The murre produces one of the
most unusually shaped and
differently colored eggs of all birds.
Murres do not build nests. Instead,
each female lays its single egg
directly on a bare cliff ledge. The
eggs pointed shape helps to keep
her from accidentally knocking it off
its risky spot. Should it begin to roll,
it will travel back in a circle rather
than on in a straight line. The
different colors are more difficult to
explain. They may help parents to
recognize their own egg among
the thousands
in a murre

Cream and brown form White form Streaked gray form

Egg from
dark clutch

Egg from Egg from

speckled light clutch


The little ringed plover lays its
eggs on gravel and pebbles near
water, where the eggs are
protected by their camouflage
coloring. If an intruder approaches SLOW DEVELOPER COLORS IN A CLUTCH
the nest, the parent birds often fly The fulmars single egg needs a Each of these three eggs comes from
directly at it, toward the source of long seven and a half weeks of a small wading bird. Many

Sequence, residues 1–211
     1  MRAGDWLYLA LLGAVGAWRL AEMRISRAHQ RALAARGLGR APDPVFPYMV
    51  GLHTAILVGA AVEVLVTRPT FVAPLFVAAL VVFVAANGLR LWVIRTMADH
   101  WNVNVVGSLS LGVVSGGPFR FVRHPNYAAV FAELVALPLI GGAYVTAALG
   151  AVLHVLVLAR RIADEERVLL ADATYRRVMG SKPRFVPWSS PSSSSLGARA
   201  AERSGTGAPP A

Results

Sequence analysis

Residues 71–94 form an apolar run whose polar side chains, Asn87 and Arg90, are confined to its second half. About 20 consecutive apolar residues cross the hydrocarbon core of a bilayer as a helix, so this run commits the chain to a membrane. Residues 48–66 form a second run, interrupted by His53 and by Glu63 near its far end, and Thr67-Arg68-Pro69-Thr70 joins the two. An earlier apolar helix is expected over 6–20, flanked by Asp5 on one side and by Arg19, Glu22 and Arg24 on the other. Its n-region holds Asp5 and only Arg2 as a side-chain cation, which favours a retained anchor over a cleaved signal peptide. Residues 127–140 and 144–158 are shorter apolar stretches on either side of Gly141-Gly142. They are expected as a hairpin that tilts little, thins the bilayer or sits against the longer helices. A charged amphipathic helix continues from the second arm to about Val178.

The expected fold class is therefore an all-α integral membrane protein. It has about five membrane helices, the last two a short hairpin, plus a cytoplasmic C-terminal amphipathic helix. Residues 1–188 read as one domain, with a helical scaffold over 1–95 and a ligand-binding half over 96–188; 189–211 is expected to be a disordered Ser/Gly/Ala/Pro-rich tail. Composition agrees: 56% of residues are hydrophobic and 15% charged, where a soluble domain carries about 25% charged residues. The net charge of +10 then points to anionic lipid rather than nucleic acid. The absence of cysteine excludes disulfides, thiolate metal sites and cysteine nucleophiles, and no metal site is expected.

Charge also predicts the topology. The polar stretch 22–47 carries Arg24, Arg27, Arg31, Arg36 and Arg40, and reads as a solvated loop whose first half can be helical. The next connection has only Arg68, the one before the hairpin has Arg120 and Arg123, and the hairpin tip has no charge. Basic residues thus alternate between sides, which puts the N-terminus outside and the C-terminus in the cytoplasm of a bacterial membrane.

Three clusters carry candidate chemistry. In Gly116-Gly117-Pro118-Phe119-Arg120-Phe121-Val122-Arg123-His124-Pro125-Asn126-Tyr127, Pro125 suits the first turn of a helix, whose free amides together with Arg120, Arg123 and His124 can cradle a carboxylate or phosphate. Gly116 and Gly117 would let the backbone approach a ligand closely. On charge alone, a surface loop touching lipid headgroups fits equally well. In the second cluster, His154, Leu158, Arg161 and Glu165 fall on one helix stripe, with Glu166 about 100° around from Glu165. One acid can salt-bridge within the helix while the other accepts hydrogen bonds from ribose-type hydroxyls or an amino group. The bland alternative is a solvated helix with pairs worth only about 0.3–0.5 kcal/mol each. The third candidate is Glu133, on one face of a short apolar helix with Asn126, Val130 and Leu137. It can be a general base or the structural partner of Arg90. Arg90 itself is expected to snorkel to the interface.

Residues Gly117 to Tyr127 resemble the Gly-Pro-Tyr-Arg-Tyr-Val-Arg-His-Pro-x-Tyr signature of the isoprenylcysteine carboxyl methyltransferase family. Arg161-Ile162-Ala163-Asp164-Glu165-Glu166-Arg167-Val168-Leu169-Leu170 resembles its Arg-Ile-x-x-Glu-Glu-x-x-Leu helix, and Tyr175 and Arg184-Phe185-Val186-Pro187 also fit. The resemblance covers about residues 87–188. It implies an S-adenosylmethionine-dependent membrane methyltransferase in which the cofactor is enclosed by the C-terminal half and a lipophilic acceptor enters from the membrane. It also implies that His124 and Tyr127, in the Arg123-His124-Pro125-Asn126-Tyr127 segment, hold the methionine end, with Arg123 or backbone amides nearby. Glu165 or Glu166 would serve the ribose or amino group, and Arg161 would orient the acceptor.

danger, veering away at the last incubation before it will hatch. The Woodcock camouflaged eggs vary
minute in an attempt to distract egg is laid on a cliff ledge. Its color widely in both pattern and
attention from the eggs. When the shows that there is little need for color between clutches. However,
eggs have hatched, this distraction camouflage so far beyond the reach within a single clutch the eggs are
display becomes even more of land predators. much more closely matched.
complicated, with the parents
scuttling away from the nestlings
to confuse enemies.


EGG Pointed at one end and blunt at the
The great crested grebe other, the curlews egg is easy to
lays its curiously shaped identify. Like most
eggs on a mound of waders, the curlew lays
waterlogged vegetation. its clutch in a scrape
Most grebes have on the ground.
unusually pointed eggs,
but no one knows why. Curlew

The albatross lays
the largest and
heaviest egg of any Albatross
seabird, with some
specimens weighing
more than 1.1 lb
The gray heron builds its nest high in Loons are freshwater fish-eating have the longest
the trees, so its blue eggs are rarely birds. They are clumsy on land, so incubation period of
seen in one piece. When fresh, this egg they lay their dark brown eggs right any bird: parents sit on
was bright blue, but the color has by the waters edge to reduce the a single egg for two and
faded over the years. risk of damage. a half months.

Eggs of land birds Coal tit Blue
egg tit egg


and insect eaters, lay small eggs. UNDERGROWTH CLUTCH
Tits, including the coal tit,
The nightingale makes
However, many produce large its nest in low, tangled blue tit, and American
clutches - sometimes well over a bushes. Its brown eggs chickadee, lay up to